Subsidizing poor or unproductive places is an imperfect way of transferring resources to poor people.... Mobility responses may lead the local cost of living to change, which in turn can lead landlords, some of whom may not live in the community, to capture some of the benefits associated with a policy. This is more likely when the housing market is already tight or when there are sharp restrictions on building. For this reason, it may be advisable to target areas with depressed housing markets and high vacancy rates that have enough slack to absorb a demand increase without a large increase in the cost of living.... A potentially compelling case for place based policies can be made based upon the remediation of localized market imperfections. When private and social returns diverge, local governments may be able to raise the welfare of their residents by re-aligning private incentives through taxes or subsidies or the provision of local public goods.... The presence of agglomeration economies does not imply that every state or country should attempt to generate a Silicon Valley equivalent from scratch...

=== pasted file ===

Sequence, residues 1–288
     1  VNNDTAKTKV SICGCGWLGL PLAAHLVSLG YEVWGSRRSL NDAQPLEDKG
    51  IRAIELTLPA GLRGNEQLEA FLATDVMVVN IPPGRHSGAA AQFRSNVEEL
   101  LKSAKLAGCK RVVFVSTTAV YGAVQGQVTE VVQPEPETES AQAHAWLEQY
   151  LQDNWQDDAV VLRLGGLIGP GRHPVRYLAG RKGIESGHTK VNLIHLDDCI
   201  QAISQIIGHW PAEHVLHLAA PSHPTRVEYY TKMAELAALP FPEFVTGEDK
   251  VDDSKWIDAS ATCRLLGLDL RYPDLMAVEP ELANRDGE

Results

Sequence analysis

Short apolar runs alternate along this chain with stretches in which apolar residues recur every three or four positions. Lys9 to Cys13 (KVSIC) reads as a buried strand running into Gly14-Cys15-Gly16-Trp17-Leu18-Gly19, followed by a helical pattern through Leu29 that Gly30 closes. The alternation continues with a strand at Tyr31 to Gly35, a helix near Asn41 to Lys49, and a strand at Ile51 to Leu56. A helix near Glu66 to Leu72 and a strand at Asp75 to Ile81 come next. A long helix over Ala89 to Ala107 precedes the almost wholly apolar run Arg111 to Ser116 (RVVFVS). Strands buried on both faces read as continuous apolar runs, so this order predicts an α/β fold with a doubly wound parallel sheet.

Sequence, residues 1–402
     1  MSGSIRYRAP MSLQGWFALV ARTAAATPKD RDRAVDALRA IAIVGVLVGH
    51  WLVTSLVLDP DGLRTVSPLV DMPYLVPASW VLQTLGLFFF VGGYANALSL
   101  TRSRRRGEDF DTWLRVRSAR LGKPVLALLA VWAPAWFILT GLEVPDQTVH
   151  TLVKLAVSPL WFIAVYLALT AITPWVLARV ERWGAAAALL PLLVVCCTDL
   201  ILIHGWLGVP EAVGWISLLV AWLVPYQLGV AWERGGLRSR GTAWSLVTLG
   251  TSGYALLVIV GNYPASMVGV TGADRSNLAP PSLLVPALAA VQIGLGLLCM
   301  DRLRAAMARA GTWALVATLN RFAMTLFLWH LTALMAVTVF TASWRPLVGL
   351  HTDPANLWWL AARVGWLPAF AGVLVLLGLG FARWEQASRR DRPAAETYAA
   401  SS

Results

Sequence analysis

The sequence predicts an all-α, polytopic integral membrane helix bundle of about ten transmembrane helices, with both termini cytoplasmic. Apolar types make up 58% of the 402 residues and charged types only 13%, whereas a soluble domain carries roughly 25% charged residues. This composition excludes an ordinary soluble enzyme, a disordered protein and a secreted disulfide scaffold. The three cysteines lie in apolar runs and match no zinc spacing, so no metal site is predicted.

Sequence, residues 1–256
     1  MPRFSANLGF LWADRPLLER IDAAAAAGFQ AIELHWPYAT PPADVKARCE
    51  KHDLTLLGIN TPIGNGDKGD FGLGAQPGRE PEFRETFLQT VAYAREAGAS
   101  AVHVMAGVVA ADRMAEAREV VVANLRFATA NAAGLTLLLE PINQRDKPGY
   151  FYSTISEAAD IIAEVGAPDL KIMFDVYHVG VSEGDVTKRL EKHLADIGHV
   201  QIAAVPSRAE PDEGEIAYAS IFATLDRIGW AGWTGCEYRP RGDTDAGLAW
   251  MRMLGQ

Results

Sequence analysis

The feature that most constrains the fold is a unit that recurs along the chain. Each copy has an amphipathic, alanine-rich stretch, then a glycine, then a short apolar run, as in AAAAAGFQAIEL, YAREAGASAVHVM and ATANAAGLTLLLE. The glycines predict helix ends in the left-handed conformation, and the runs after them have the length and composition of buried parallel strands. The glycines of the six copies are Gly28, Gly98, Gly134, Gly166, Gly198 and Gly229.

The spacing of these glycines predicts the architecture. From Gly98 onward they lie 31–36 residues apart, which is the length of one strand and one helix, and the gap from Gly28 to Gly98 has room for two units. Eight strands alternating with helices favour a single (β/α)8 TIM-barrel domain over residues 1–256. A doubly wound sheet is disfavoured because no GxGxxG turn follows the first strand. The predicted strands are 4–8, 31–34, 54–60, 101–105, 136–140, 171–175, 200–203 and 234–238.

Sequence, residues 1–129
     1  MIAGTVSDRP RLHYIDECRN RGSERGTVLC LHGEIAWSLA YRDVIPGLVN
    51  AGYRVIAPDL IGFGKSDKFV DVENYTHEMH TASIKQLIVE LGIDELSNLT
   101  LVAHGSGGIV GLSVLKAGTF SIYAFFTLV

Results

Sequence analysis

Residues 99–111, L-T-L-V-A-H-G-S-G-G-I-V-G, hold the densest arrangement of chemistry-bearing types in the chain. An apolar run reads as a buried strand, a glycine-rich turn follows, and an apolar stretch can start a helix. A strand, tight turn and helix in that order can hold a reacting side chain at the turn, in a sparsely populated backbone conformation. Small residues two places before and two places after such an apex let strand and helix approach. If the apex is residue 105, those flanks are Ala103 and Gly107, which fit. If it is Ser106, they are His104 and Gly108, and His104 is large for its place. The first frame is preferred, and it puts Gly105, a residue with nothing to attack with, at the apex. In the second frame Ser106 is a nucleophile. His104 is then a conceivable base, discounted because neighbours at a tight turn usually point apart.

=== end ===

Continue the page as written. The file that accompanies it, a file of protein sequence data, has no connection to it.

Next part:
Jon Cohn: So you ended up XY instead of XX. Get over yourself: Noted

Jon Cohn: So you ended up XY instead of XX. Get over yourself:

So you ended up XY instead of XX. Get over yourself. Even conservatives generally stipulate that insurance should protect people from the financial consequences of random events. But they seem not to recognize that being born a woman is a random event. Sorry, dudes, you had no control over that. Allowing insurers to discriminate based on gender means penalizing half the population, just because those folks ended up with one type of chromosome instead of another.